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« A Mother, A Daughter, and A Cup of Coffee | Main | A Quote for The Edit »
Wednesday
Jan232013

Being Betty Crocker

Betty CrockerI am no Betty Crocker. I get out the brownie mix. Set it on the counter. Look at the directions. Three steps. I can do this. Water, eggs, and vegetable oil. But I need a bowl. I open the cabinet where I keep my mixing bowls. I have way too many bowls for somebody who rarely mixes anything but her metaphors. I do brownies, and cupcakes. I tried to bake a cake one time for my daughter’s birthday. It wasn’t a very pretty pony.

There will come a day when I will bake something that doesn't come in a box. I want to bake like my mom. Like Betty Crocker. Why is it that I have had four children and have very little ability to bake anything that doesn't come in a box? Who was Betty Crocker anyway, and why can’t I be more like her? So I Googled "Betty Crocker", to discover how to become more like her. I was flabbergasted. It turns out Betty Crocker never even existed. According to one website, "In the 1910's, The Washburn Crosby Company received thousands of requests for answers to baking questions. In 1921, managers decided that it would be more intimate to sign the responses personally; they combined the last name of a retired company executive, William Crocker, with the first name “Betty,” which was thought of as “warm and friendly.”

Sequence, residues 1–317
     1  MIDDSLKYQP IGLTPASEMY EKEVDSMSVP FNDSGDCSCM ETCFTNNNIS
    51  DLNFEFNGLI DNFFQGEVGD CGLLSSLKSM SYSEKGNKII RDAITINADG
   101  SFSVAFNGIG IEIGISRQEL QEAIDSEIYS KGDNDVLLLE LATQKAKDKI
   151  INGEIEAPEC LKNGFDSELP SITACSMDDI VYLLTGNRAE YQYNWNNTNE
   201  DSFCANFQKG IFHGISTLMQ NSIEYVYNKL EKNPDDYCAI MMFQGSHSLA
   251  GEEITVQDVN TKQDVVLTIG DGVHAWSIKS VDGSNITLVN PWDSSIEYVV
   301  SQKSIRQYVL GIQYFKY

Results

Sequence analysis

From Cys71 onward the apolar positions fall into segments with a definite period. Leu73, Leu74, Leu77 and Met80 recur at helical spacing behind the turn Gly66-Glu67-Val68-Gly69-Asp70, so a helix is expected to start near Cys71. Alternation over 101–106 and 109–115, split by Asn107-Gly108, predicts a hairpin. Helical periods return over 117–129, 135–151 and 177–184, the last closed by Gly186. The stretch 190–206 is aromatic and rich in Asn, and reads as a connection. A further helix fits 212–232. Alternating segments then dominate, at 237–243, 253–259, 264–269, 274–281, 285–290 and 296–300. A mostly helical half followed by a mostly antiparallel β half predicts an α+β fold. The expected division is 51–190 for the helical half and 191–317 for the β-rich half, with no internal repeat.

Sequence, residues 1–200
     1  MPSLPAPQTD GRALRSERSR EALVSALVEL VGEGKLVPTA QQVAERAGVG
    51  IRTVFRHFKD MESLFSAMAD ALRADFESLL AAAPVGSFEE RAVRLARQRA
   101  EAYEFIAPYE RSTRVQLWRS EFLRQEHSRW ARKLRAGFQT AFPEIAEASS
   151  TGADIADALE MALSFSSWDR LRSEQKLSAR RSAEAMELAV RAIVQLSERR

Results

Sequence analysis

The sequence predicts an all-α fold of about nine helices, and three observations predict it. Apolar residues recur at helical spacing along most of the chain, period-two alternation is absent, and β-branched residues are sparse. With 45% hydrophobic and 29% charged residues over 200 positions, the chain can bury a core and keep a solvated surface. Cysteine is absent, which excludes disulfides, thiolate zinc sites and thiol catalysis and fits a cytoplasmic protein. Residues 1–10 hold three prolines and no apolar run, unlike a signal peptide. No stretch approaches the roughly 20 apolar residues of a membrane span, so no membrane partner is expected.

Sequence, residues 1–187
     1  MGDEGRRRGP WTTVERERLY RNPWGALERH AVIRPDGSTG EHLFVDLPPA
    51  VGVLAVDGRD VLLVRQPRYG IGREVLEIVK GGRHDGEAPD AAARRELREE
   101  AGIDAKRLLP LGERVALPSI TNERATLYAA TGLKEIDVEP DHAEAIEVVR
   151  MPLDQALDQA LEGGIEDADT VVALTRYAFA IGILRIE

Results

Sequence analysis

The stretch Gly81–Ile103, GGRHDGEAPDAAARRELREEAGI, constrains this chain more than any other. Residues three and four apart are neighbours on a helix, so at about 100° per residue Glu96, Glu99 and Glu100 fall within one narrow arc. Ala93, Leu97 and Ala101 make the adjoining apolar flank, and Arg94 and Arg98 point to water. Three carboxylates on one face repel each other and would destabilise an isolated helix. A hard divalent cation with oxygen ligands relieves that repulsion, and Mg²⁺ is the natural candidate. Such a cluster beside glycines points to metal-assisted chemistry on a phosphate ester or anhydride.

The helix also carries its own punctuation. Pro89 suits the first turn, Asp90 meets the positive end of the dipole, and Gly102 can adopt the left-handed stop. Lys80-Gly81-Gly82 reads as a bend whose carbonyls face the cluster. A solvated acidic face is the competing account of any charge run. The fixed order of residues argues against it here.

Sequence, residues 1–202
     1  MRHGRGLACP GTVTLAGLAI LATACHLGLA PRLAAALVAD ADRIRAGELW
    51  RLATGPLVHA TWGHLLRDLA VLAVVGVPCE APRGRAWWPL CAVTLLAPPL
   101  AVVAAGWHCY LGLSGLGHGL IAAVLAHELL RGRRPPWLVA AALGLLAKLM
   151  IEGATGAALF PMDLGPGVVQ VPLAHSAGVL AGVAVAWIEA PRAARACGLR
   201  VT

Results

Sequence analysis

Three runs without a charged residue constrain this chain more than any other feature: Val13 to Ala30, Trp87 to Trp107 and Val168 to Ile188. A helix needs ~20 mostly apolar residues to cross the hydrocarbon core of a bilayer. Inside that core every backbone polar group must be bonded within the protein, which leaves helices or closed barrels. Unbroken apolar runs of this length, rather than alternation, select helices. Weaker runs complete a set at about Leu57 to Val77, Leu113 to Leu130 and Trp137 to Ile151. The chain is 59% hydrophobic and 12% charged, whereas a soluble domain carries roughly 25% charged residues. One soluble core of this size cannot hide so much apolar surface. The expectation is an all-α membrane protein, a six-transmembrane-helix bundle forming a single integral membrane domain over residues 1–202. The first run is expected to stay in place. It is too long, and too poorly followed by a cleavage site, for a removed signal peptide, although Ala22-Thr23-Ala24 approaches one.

I am horrified and liberated at the same time. Betty Crocker wasn't real. I am free from the guilt of trying to be someone, that never lived.

The oven is preheating, the air filling with the aroma of a remnant from last week’s cupcakes stuck to the bottom of the oven. I like to refer to this as re-baking. It will go away in a minute.

The 8x8 square pan sits on my counter, the pack of instant brownie powder resting limp over its lip like a slumbering sack of possibility. The eggs are still in the refrigerator. The vegetable oil in the cabinet. But it’s a start. I will bake. But until then I will sit with this moment at my computer with an unexpected peace that I no longer need worry that I'm not like Betty. Now I focus on how to bake more like my mom.

 

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